Experts across the globe have warned of the perils of ignoring the threat of antimicrobial resistance (AMR) but many European healthcare leaders have continued to ignore the warnings. However, the issue has been deemed so important, that the EU have requested ‘guidelines on the prudent use of antimicrobials in human medicine’ from the European Centre for Disease Prevention and Control, a draft of which is available now, pending a full report in the autumn.
A number of companies are researching the alternatives, including the most high-profile option of the use of bacteriophages; viruses that infect bacteria, and replicate within them. Many have high hopes for the efficacy of this kind of treatment, but despite the fact that they have been used since the First World War to treat certain bacterial diseases, the research has been lacking to bring them to the forefront of the fight against the rise of AMR.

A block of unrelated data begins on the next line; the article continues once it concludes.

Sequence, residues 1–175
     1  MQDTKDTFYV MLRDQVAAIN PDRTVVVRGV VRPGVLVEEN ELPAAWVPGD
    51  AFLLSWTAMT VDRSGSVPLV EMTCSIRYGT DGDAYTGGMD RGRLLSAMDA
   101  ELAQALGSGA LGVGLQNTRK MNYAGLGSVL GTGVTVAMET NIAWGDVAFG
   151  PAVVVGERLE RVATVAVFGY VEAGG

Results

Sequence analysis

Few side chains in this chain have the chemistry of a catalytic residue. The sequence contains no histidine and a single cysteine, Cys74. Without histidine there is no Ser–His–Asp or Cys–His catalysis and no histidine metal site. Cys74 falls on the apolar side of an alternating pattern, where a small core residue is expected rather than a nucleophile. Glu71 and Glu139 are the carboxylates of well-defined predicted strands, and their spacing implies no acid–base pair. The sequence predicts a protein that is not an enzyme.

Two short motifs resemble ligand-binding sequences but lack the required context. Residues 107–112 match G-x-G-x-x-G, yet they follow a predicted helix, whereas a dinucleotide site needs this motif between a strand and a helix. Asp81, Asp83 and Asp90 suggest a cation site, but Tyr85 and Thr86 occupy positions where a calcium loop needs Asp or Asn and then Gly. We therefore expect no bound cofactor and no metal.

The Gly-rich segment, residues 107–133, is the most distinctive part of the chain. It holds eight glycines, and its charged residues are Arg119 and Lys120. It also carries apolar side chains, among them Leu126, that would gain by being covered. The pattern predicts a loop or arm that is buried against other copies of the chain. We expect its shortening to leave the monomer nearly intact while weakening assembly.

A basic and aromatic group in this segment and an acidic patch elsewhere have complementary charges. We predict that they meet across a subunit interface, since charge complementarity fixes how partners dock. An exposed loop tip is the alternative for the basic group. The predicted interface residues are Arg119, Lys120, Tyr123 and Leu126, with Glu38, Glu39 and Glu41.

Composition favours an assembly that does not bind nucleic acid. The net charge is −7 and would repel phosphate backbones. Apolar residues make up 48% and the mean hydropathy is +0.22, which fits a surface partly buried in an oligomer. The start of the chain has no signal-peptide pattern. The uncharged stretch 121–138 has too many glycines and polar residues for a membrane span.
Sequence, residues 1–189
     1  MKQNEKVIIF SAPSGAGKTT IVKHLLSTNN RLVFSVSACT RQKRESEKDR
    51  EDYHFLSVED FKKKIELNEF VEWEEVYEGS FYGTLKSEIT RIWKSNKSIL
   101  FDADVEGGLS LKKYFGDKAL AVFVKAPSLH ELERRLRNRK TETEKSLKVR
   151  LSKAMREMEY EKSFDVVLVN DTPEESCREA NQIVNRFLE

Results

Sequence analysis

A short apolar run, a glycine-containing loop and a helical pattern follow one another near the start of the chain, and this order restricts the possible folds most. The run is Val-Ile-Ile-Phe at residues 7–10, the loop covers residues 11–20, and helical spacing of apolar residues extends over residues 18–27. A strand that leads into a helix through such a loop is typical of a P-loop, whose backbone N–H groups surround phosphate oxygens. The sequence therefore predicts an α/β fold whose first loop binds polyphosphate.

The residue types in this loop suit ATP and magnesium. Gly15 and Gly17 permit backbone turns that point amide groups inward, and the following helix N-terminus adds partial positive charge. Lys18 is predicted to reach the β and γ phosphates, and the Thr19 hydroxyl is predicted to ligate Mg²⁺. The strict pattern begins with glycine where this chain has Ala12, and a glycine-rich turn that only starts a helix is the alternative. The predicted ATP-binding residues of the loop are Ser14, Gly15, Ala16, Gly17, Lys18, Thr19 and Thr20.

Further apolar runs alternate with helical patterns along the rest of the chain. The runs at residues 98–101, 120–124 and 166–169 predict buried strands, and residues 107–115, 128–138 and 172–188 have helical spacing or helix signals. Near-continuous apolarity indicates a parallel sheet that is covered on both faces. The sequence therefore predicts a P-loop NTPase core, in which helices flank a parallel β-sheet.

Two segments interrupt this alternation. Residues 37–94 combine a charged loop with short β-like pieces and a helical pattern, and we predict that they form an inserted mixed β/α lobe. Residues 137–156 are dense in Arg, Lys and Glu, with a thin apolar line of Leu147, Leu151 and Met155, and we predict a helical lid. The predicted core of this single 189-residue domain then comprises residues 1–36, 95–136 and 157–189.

It is widely thought that the problem is so massive that it will be necessary to bring in a battery of other potential solutions, many of which are being researched at the Institute of Immunology and Experimental Therapy in Wroclaw, Poland. However, it is feared that the issue will not be taken seriously until deaths from antibiotic resistant infections are at a rate high enough to gain media attention.